Atherosclerosis

What is atherosclerosis ?
Atherosclerosis is a disease affecting blood vessels and means literally "hardening of the arteries". Large and medium sized arteries are most commonly affected. The inside wall of the artery becomes furred up with deposits of cholesterol and calcium causing the blood vessel to become narrowed or blocked. These deposits are called atherosclerotic plaque. Atherosclerosis is a multifocal condition. A patient with hardening of the arteries developing in one area of the body, for example the heart, is highly likely to have the same condition present in arteries elsewhere in the body. For this reason, someone who has a heart attack due to atherosclerosis is at elevated risk of having a stroke due to the same underlying condition affecting the brain arteries.


How does atherosclerosis cause problems ?
Atherosclerosis causes symptoms in three ways :
  1. Restriction of blood flow
  2. Embolisation (a blood clot forms, breaks off and lodges downstream)
  3. Thrombosis (the artery clots and blocks)
The consequence of atherosclerosis depends on which arteries are affected by the hardening process. Atherosclerosis in the heart causes angina and heart attacks. Atherosclerosis in the arteries supplying the brain causes strokes. Hardened arteries in the limbs cause pain on walking (intermittent claudication). These conditions are explained in their sections of the website (see Conditions Treated, Prevented and Cured).

Risk factors for atherosclerosis


Fixed risk factors
These are of limited interest since no-one can alter their age, the population into which they were born or the age at which a parent had a heart attack or stroke. Vascular disease in any one arterial territory is an important risk factor for adverse events in others. Patients surviving strokes are more likely to die of a heart attack than another stroke. Similarly, intermittent claudication is a major risk factor for stroke and ischaemic heart disease. Strokes and intermittent claudication are both explained in their sections of the website (see Conditions treated, Prevented and Cured).

Risk factors that can be changed


Smoking, Hypertension, Hypercholesterolaemia and sedentary lifestyle each double the risk of Acute Myocardial Infarction. When two or more are present, the risk is multiplied.

Smoking


The more someone smokes, the higher their risk of developing hardening of the arteries. This fact is complicated by the oddity that some individuals may smoke heavily without obvious ill effects, whilst others are much more susceptible to artery damage after smoking even a few cigarettes. Some people can get away with it, most can't.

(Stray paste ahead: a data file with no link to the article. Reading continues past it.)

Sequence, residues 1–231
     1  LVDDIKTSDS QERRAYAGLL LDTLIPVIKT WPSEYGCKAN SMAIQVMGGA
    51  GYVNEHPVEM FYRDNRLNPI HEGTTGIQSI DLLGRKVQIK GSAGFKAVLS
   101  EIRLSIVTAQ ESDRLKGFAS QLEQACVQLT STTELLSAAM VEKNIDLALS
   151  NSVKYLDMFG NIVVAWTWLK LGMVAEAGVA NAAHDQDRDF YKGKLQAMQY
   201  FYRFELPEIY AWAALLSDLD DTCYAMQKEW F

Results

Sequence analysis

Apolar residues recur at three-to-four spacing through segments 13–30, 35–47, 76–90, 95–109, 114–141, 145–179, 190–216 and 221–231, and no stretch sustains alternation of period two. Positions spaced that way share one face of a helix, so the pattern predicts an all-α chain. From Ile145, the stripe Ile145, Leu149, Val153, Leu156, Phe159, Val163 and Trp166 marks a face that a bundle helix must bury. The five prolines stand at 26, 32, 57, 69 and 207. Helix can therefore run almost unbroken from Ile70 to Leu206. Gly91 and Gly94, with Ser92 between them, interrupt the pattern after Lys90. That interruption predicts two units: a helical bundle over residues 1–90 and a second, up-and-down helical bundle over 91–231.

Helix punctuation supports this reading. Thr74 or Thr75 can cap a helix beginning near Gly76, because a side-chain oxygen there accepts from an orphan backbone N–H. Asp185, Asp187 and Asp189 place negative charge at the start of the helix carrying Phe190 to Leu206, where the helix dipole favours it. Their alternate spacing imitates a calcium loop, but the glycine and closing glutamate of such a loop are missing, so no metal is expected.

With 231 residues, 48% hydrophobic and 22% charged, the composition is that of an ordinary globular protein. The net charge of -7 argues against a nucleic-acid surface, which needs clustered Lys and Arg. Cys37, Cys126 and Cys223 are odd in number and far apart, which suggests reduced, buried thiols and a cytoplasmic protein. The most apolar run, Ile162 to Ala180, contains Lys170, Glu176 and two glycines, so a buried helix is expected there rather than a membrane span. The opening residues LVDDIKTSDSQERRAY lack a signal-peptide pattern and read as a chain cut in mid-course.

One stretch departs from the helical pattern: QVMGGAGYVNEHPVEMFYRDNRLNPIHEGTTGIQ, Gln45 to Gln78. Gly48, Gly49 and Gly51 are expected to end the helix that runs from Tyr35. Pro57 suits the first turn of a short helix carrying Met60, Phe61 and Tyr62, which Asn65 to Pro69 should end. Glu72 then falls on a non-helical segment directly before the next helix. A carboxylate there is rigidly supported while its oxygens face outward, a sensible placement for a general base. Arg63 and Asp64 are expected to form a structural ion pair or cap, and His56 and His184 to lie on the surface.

Hypertension
The International Society of Hypertension now defines hypertension as systolic pressure over 140 mmHg and diastolic pressure over 90 mmHg. These levels are arbitrary since the risk of ischaemic heart disease and stroke rises steadily across the whole range of blood pressure. The effect of the entire population lowering their population by only 5mmHg by lifestyle changes would be dramatic, reducing nearly of heart attacks and 1/3 of strokes. The lower the blood pressure, the lower the risk of atherosclerosis.
Cholesterol
Like hypertension, the definition of hypercholesterolaemia is arbitrary and the risk of vascular disease rises steadily across the whole range of blood cholesterol concentrations. Treating patients with arterial disease with statins provides protection against heart attack and stroke even for patients with normal cholesterol levels, since statins stabilise atherosclerotic plaque.
Exercise
Regular Exercise Regular aerobic exercise confers considerable protection against myocardial infarction. Thirty minutes of moderate activity most days of the week is the current recommendation.
Diabetes
Diabetes Patients Patients with diabetes are at greatly elevated risk of vascular disease in all territories (cardiac, carotid and peripheral). Good diabetic control improves prognosis.
Alcohol
Heavy drinkers tend to have higher blood pressure but those who consume modest quantities of wine on a regular basis have lower mortality rates than teetotallers.
Homocysteine
Blood levels of this amino acid may be an independent risk factor for arterial disease and increasing intake of vitamin B6 and folate effectively reduce homocysteine concentrations. It is not yet clear whether this will be an important way of reducing atherosclerotic disease.